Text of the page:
The evidence establishing appellant's constructive possession of the 831 grams was not overwhelming. The Government points to the following: Appellant was present in the apartment at the crucial stage of the transaction; the large amounts of cocaine were in plain view; appellant's overcoat and jacket were next to the cocaine on the sofa; Kremen's statement, in appellant's presence, that the delay was his (Kremen's) fault; and appellant's awareness that it was cold outside.1 To this we would add appellant's obvious unfamiliarity with English, which might have some marginal weight in the context of a scheme to obtain cocaine smuggled in from Bolivia.2 Appellant argues that all of this added up to no more than his mere presence in the room, insufficient to show dominion and control over the cocaine.3 Appellant argues that his presence could have been explained in a number of ways; e.g., he might have been a purchaser who had nothing to do with the large amount of cocaine. We think, however, that the jury could have found that the large amount of cocaine would only have been exposed to someone closely involved with the transaction and that Kremen's statement would only have been made in front of an insider. Admittedly, the issue is close, but we believe that just enough was shown to justify submission to the jury of the issue of possession. Even if that is so, however, there remain problems with the presumption of illegal importation and appellant's knowledge thereof, to which we now turn.


In Turner, supra, the Court left open the question whether the section 174 presumption might be rational when applied to large quantities of cocaine, stating, 396 U.S. at 419, n. 39, 90 S.Ct. at 654 n. 39:


Since the illegal possessor's only source of domestic cocaine is that which is stolen, the United States urges that the 174 presumption may be valid with respect to sellers found with much larger amounts of cocaine than Turner had, amounts which, it is claimed, are too large to have been removed from legal channels and which must therefore have been smuggled. * * * We find it unnecessary to deal with these problems and postpone their consideration to another day, hopefully until after the facts have been presented in an adversary context in the district courts.


The Government urges us to affirm the validity of the presumption on the basis of statements concerning the cocaine traffic made in affidavits now submitted to us. We decline to do so. As the Supreme Court recognized, the best test of the rationality of the presumption as applied to Count Four will be after an adversary hearing in the district court.4


There is a question, however, whether more than that is required. Obviously, if the presumption is held invalid, a new trial would be necessary at which the Government could attempt to prove, without resort to the presumption, that the cocaine was illegally imported and that appellant knew it. But if the presumption is sustained, it is arguable that a new trial would not be required, since its use on Count Four would have been retroactively approved. However, even if the presumption were to be held valid when applied to the large amount of cocaine involved here, a question as to which we express no opinion, a new trial would still be necessary. The reason is that the jury would have to be told that in order to make the inference allowed by the presumption, it would have to find that appellant knowingly possessed cocaine in a sufficiently large amount. In other words, since it is constitutionally impermissible to infer knowledge of importation of cocaine from possession of a small amount, the Government must prove-- and the jury must find-- that the defendant knowingly possessed an amount justifying use of the presumption. Because the case was tried before Turner, that was not done here. Accordingly, a new trial on Count Four is also required.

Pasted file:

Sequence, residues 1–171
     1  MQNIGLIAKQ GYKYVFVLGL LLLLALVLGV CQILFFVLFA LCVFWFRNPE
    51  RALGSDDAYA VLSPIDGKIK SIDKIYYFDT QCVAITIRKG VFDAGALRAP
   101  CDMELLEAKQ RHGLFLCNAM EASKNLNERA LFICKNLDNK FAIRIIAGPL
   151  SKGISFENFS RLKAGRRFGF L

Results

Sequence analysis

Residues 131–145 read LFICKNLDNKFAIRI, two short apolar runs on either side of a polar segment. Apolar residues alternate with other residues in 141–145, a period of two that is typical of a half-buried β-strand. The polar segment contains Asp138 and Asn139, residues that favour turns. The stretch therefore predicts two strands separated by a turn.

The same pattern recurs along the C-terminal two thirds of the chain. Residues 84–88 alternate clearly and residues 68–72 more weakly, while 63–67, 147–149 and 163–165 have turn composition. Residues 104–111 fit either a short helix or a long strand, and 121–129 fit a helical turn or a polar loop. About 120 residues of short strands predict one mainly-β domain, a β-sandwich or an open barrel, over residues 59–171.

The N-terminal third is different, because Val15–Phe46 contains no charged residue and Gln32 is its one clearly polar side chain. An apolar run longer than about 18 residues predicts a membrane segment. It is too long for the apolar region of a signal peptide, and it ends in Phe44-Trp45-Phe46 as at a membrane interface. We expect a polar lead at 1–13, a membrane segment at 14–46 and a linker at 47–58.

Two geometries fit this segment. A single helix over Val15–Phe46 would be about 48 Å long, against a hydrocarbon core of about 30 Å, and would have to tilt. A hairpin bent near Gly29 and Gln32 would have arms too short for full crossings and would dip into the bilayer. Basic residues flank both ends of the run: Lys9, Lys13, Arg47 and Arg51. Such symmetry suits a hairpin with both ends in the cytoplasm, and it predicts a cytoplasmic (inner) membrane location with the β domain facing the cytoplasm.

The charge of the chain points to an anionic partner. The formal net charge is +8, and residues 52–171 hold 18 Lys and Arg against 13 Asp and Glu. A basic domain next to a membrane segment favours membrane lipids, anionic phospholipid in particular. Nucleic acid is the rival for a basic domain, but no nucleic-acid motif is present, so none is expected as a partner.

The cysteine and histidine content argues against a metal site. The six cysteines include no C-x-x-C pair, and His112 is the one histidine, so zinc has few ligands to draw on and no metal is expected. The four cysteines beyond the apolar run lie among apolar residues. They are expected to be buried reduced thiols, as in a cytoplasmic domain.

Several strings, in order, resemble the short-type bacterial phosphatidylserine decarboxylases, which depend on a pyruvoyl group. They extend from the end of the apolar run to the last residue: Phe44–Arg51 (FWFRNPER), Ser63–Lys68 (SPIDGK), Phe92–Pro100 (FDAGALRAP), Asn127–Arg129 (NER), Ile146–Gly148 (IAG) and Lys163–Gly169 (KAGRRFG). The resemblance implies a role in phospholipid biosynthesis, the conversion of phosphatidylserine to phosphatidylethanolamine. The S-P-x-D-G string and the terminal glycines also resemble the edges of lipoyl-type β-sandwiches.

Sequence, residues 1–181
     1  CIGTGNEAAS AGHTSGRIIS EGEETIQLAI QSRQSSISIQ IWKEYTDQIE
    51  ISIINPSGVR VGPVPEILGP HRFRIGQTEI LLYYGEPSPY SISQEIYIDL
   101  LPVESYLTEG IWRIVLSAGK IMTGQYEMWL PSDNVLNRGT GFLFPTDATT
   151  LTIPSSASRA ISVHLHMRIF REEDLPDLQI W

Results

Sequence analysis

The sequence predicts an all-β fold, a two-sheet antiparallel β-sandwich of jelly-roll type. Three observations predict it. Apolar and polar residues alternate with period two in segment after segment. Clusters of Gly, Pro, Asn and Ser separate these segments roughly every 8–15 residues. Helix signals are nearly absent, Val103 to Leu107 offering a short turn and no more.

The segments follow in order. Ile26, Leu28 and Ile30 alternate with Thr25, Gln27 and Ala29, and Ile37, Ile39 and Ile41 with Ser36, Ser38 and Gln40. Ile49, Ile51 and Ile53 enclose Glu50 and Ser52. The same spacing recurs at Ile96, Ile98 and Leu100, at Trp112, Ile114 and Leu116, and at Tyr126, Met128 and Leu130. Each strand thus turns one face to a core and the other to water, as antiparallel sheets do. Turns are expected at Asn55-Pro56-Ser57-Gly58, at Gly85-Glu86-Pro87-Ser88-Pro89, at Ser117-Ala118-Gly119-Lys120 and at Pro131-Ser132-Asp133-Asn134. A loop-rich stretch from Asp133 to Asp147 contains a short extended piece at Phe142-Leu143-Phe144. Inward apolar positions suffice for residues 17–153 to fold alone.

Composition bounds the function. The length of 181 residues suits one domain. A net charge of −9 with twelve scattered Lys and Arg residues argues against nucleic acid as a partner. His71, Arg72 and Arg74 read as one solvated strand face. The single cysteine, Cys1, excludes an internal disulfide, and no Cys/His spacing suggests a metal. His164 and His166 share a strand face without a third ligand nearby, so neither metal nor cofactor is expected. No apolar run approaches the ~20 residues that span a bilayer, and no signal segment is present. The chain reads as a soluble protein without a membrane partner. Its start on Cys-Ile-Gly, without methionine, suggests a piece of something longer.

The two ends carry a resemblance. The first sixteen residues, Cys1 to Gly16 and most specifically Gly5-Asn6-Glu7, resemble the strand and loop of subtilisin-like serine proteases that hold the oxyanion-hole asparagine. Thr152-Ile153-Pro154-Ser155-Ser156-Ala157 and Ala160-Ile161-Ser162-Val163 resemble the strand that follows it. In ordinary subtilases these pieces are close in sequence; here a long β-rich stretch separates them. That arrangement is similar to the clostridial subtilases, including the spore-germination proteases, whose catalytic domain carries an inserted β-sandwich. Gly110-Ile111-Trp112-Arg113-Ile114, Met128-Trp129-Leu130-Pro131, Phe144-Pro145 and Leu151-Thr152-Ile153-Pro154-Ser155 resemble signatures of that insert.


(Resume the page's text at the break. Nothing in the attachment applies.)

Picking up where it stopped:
Finally, appellant attacks his conviction on the conspiracy count, Count One. First, he argues that the evidence, independent of statements of alleged co-conspirators made outside of his presence, is insufficient to show his participation in a conspiracy. Second, he alleges that there was no evidence from which it could be inferred that one of the purposes of the conspiracy to which he subscribed was to transfer cocaine without an order form. The latter point is without merit; if there was a conspiracy at all, the fact that it was a conspiracy to make a clandestine transfer of cocaine would justify an inference that an order form would not be demanded of the buyer.


The other issue is more difficult. The evidence of appellant's connection with the conspiracy was not strong. It was essentially the same as that offered to show constructive possession of the cocaine, which we have already discussed. However, we conclude that the evidence sufficed to get to the jury on this issue as well. The jury was not told that it could use the section 174 presumption on Count One and the sentence received was the minimum of five years. Having reviewed the record, we see no reason why the conviction on this count should be set aside. Cf. United States v. Jenkins, supra; United States v. Febre, 425 F.2d 107 (2d Cir. 1970).


Judgment of conviction on Count One affirmed; on Counts Three and Four reversed.


Of the Southern District of New York, sitting by designation


Apparently this is relied on to show that appellant had just arrived with Kremen, although knowledge that it was a cold night in December would not depend upon having just come in from the cold


Thus, if the cocaine were alleged to have come from China, it would be relevant that appellant and the others were Chinese


Appellant cites, for example, United States v. Romano, 382 U.S. 136, 86 S.Ct. 279, 15 L.Ed.2d 210 (1965); Bettis v. United States, 408 F.2d 563 (9th Cir. 1969)


We note that the district court, in deciding the validity of the presumption, may have to deal with the question whether the presumption must be judged only by a 'more-likely-than-not standard * * * or by the more exacting reasonable doubt standard.' See Turner v. United States, supra, 396 U.S. at 416, 419, 90 S.Ct. at 654; Leary v. United States, 395 U.S. 6, 36 n. 64, 89 S.Ct. 1532, 23 L.Ed.2d 57 (1969)